Information that helps you manage
We begin a series with this month’s column in which we are going to examine documents that are very important to your business. Most likely, there will be very little for you to disagree with; you will find the information to be correct and in the case of some readers there will be a need to make a commitment to making more of an effort to give attention to each of them.
To give this series a bit of controversy, we are going to cover the three documents in a special sequence – from the least important document in this issue to most important document in the last issue. That is where the opportunity to disagree comes in; you may decide not all three are necessary for your business; you may want to rearrange the sequence. The purpose of the three articles is to get you to take a look at the information you could be utilizing to manage your business each month.
The three documents are your profit and loss statement, the balance sheet, and a projectionary cashflow statement. We are going to examine the profit and loss statement first as we have assigned it to be the least important.
What? A profit and loss statement is unimportant? No; just the least important of the three. It takes the position of least because it is but a temporary document. It may be a monthly statement or the year end statement, but it is definitely temporary.
The summation of the profit and loss statement is that it tells you about a specific period of time in the past. The only thing you do with the information from a profit and loss statement is learn from both the good and bad aspects. If you learn, you can make changes in your business so that future monthly and annual profit and loss statements are better than the one you are currently looking at.
The analysis of a profit and loss statement can be performed in a few easy steps. The first is likely to be a comparison of sales to a similar period of time from the previous year. Differences from the previous year are often credited or blamed on economic conditions, the weather, or factors you have observed for months and years.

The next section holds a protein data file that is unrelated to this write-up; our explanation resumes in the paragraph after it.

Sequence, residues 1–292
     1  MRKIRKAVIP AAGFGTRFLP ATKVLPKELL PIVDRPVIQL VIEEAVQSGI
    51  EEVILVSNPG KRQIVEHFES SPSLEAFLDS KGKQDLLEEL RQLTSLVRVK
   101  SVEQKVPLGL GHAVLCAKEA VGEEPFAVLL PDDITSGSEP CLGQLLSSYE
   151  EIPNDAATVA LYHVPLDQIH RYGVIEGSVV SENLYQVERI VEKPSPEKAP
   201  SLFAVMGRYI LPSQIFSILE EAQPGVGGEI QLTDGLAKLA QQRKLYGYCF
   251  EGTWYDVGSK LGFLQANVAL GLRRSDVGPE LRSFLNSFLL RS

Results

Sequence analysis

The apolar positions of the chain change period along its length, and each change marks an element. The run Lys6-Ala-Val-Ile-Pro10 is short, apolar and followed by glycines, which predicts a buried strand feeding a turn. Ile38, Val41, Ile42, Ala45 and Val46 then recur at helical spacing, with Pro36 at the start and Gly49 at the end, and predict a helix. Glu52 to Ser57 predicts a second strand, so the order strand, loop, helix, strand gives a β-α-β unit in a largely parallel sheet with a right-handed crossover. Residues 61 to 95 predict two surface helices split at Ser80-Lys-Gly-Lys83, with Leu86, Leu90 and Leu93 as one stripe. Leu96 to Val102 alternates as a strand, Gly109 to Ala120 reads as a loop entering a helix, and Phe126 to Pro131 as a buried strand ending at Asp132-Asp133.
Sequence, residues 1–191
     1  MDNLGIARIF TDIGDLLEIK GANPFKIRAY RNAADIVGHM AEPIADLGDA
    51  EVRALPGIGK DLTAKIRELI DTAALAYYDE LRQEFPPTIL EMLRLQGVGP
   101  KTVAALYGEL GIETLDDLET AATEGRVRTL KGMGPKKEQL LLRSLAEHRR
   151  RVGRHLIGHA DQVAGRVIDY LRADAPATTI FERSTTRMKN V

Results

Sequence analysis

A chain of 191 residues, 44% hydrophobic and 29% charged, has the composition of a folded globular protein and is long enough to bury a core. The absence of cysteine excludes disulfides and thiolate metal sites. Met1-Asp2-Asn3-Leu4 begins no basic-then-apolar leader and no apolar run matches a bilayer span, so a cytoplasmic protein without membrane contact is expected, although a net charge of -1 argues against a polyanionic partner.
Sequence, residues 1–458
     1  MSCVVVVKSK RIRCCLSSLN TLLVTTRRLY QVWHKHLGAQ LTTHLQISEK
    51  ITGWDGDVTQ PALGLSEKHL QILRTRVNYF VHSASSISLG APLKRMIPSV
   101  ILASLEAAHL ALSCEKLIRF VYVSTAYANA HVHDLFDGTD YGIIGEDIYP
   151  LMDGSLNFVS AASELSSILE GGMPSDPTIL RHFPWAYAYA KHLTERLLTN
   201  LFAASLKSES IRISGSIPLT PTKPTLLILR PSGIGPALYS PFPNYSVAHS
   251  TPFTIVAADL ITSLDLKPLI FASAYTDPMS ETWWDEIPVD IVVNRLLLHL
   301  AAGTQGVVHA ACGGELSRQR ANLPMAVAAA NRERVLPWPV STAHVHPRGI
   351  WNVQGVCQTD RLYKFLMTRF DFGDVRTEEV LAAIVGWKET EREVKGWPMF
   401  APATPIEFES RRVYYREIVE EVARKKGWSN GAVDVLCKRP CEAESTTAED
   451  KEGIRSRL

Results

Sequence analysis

The second item to be examined is usually the gross margin. When there is a sizable variation from a previous profit and loss statement, it is often believed to be because of the variety of products and services sold. To improve either of these, you will likely need to make a commitment to make some changes in the way you market your business. The next number on the profit and loss statement is the gross profit dollars and from that amount you pay all of your operating expenses.
Comparing an operating expense on the current profit and loss statement to that previous month or year undoubtedly shows you line items where you have saved money or could save money. With each of these, it is a much simpler process of making a change. Adjusting a thermostat, changing the hours of your staff, and buying a few less office supplies are examples of how you can more immediately affect the profit and loss statement.
Month to month, and year to year, you receive a profit and loss statement that gives you a picture of what has most recently happened to your business. With each of the statements, you have the opportunity to compare that statement to a similar period of time that is even further in the past. With that information you can see what you have done well that you will work to maintain or improve even further.
With the shortcomings, you see where you need to improve your business so that the bottom line, the net profit, is worthy of the time and investment you have made in your business. The profit and loss statement, in the opinion of this writer, qualifies as the least important of the three documents because it is purely historical and because it covers such a brief period of time.
With the next issue, we will have either the balance sheet or projectionary cashflow statement left to consider as we move from least important to most important financial documents.